Legislative Notes CHARITY CARE REQUIRED. Taxexempt hospitals would have to provide free care to the poor in order to keep their tax brdaks, under a bill sent to the Governor. The bill, which got final approval in the Senate on May 23, requires all but one of the state’s 120 nonprofit hospitals to provide at least 4 percent of their health care on a charity basis by 1996. The legislation was prompted by a lawsuit former Texas Attorney General Jim Mattox filed against Houston’s Methodist Hospital. A state district judge ruled in the hospital’s favor earlier this year, finding the state had no authority to file the suit. Methodist, which gets $44 million in tax breaks annually, would have to increase its charity care from the current $8 million a year to $13 million, the Houston Chronicle reported. Methodist and other hospitals in the Texas Medical Center fought state efforts to impose charity levels, but dropped their opposition after working out a compromise with Sen. Rodney Ellis, D-Houston, and Rep. Glen Maxey, D-Austin, that allows them to phase in the charity cases over three years. The sponsors reluctantly agreed to an amendment by Rep. David Swinford, R-Dumas, that exempts High Plains Baptist Hospital in Amarillo, whose 2.9-percent charity contribution Maxey said was the worst rate among nonprofits in the state. PENAL CONFEREES BUCKLE. House conferees won their showdown with the Senate to keep a misdemeanor penalty for sodomy in the new state penal code. The Senate had voted to remove the misdemeanor penalty for anal sex, which reportedly has never been enforced in Texas except as a pretext to discriminate against gays and lesbians; the House overwhelmingly voted not only to keep the provisions against homosexual sodomy, but also to outlaw heterosexual sodomy, in the hopes’ that the prohibition would survive court scrutiny. Rep. Allen Hightower, D-Huntsville, and Sen. John Whitmire, D-Houston, agreed that keeping the sodomy ban was the price of passing the bill, although House conferees had second thoughts on the prohibition against heterosexual sodomy. Senators, led by Carl Parker, insisted on keeping the penalties for heterosexuals three days before they conceded to the House conferees on May 24. The conferees also agreed to enhance the punishments on bias-related “hate crimes.” Rick Casey of the San Antonio Express -News commented, “If this bill passes, the official policy of Texas will be that it is okay for the state to pick on homosexuals, but not the rest of us.” If no bill is passed, the state will be without a penal code as of September. TOUGH CHOICES. Austin lawmakers succeeded in mobilizing support from other urban areas to head off bills that would scuttle an Austin environmental protection ordinance. Sen. Ken Armbrister, D-Victoria, announced he would not advance House bills 1305 and 1307, which would require uniform environmental standards throughout the city. Rep. Wilhelmina Delco, D-Austin, who opposed the environmental initiative to protect the relatively undeveloped Barton Springs watershed, argued that it set up tougher environmental standards there than are in place in minority communities of East Austin. EnvironmentaliSts complained that the bill, sponsored in the House by developer Rep. Ron Lewis, D-Mauriceville, would make the cost of environmental regulation prohibitive for cities. Armbrister said he plans to call for an investigation of whether Texas cities are treating their residents uniformly in ordinance, annexation and pollution issues. Another bill, Senate Bill 1029, which would stop cities from imposing new regulations on developments once a plat is filed, passed through the House and on to the Governor, who faces the choice of alienating developer Gary Bradley, one of her biggest contributors and a former land-deal partner, or Austin voters who accounted for much of her 100,000-vote margin of victory in 1990 and overwhelmingly approved the environmental controls last August. RAISING A STINK. Neighbors of malodorous livestock farms cannot look to the Texas Clean Air Act for relief, the Texas Supreme Court recently ruled. In a 7-2 opinion written by Justice Raul Gonzalez, reported by the Fort Worth Star-Telegram, the high court ruled that the stench from an Erath County calf farm is a natural country odor, not air pollution. After F/R Cattle moved its calf-fattening operation from California to Lingleville, 70 miles southwest of Fort Worth, three years ago, complaints by neighbors prompted the attorney general, at the behest of the Texas Air Control Board, to demand in a lawsuit that F/R Cattle, which feeds up to 5,900 calves at a time, cease operations or reduce its cattle population to 1,000. A state district judge ruled in the cattlefeeder’s favor, but the 11th Court of Appeals declared the odor unnatural and an air contaminant. Justice Rose Spector, in a dissent joined by Justice Bob Gammage, wrote: “A typical landowner … certainly would not ‘expect’ to be confronted with the continual odor from 6,000 calves’ manure,” adding that such a concentration is “unnatural..” Meanwhile, S.B. 684 by Sen. Ken Armbrister, D-Victoria, would exempt agricultural operations from state air pollution control requirements unless those emissions were required to get federal operating permits. The Sierra Club and the Texas Farmers Union, which represents family farms and ranches, opposes the bill, which Marvin Gregory, a Hopkins County dairy farmer and spokesman for the Farmers Union, said would lead to large dairy operations relocating from the polluted Chino Valley in California to Texas, leading to further pollution and health problems and blame on the entire dairy industry. The bill also would allow unregulated burning of sugar cane fields and other croplands, the Sierra Club reported. The House passed the bill but sent it back to the Senate with amendments. BUDGET SLIGHTS. House and Senate conferees agreed on a two-year state budget of $70 billion that will not require a tax increase, but at the expense of surprise education and human services. The budget represents an increase of 11.6 percent from the 1992-93 budget and includes a $1 billion increase over current spending for public schools and a $1.1 billion increase in health and human services. The extra funding, however, will not keep up with enrollment growth and the increasing number of people applying for health and human services programs. RIGHT TO GOLF. The Senate passed a bill that would prohibit athletic clubs from discrimination based on race, color, religion, creed, national origin or sex. Sen. Eddie Lucio of Brownsville drew up the bill after he discovered, while campaigning last year with Bill Clinton, that the Ozona Country Club does not allow Hispanic members. Because the club has the only golf course in town, Hispanic students who wanted to try out for the school golf team could play there only under supervision or would have to practice at another course 30 miles away. Opponents of the bill included Sen. Bill Sims, who said friends own the club “and they just prefer not to play that way,” while Republicans Florence Shapiro of Plano and Jane Nelson of Flower Mound said they objected to criminal as well as civil penalties. GOOD SHOTS. Gov . Richards signed a law requiring hospitals and physicians to immu nize all Texas children under age 18 who are not current in vaccinations against infectious diseases, such as diphtheria, tetanus, pertussis, Continued on page 21 6 JUNE 4, 1993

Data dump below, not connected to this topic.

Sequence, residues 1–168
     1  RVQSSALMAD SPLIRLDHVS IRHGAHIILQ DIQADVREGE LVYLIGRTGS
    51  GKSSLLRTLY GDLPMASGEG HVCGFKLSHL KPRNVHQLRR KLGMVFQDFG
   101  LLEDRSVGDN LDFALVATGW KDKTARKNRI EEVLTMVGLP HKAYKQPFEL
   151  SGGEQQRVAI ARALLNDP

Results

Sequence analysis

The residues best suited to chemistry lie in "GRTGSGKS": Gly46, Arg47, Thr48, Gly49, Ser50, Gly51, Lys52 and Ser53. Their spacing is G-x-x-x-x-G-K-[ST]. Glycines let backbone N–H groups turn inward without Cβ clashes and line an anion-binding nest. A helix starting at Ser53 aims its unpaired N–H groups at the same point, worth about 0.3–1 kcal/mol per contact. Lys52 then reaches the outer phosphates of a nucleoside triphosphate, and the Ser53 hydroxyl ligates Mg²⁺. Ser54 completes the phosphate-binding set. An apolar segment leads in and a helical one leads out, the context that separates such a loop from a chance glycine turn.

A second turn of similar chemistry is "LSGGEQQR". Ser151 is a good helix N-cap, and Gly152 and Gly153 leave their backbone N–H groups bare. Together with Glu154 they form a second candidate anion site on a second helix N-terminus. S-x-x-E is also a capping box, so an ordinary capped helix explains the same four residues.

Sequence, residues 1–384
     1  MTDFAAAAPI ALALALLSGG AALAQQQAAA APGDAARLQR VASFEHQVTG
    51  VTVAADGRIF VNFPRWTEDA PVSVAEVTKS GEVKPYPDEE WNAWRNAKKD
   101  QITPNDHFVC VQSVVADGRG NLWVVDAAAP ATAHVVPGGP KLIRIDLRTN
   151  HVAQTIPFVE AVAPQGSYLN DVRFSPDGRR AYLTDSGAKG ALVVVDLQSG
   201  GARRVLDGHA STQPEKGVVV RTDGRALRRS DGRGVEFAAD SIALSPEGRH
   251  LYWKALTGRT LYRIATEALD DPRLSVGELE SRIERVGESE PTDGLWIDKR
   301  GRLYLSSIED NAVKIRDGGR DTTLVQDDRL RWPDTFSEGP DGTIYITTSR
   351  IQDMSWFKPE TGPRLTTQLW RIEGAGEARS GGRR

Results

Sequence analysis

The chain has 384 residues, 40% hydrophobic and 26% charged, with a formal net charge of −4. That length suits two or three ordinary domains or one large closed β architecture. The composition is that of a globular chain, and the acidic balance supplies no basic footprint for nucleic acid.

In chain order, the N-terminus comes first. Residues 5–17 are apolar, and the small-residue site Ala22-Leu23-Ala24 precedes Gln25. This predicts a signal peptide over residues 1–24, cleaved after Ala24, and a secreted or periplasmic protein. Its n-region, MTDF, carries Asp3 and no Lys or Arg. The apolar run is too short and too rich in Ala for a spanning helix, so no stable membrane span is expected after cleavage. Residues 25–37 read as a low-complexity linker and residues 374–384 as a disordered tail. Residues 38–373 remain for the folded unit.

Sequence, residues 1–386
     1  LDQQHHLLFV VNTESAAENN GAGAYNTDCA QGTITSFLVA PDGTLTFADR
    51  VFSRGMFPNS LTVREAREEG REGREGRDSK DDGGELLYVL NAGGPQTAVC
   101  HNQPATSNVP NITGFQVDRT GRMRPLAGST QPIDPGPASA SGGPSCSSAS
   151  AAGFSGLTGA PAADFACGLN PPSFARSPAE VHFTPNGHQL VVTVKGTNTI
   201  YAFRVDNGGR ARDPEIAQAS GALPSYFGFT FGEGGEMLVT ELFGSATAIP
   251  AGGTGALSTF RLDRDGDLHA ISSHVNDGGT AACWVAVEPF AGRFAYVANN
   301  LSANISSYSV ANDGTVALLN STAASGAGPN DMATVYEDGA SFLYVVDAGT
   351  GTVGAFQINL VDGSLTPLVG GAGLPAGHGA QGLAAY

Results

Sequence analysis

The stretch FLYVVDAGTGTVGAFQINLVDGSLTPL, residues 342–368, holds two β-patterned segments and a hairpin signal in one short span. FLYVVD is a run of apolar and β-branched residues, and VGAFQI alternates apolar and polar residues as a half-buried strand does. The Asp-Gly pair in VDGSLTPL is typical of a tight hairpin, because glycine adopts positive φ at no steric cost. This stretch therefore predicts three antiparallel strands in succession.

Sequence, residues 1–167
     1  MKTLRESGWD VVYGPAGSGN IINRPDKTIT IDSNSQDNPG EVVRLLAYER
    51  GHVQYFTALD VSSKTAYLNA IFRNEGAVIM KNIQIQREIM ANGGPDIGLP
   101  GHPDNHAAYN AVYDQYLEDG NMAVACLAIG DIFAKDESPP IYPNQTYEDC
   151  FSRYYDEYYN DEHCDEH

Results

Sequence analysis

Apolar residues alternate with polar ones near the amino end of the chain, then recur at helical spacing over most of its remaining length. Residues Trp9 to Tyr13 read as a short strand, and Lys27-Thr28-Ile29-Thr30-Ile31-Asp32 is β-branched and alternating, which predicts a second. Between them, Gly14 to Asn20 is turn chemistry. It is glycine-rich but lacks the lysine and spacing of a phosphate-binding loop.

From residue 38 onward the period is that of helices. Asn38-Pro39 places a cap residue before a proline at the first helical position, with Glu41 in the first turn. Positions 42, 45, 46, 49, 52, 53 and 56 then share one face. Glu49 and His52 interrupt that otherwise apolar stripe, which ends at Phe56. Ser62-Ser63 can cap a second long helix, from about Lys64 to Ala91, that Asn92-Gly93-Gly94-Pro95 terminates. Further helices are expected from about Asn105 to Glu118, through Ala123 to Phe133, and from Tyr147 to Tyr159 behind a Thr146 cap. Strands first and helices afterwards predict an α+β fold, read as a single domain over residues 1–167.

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The Texas Rangers are tasked with investigating corruption and crimes by public officials. Those officials are rarely held accountable.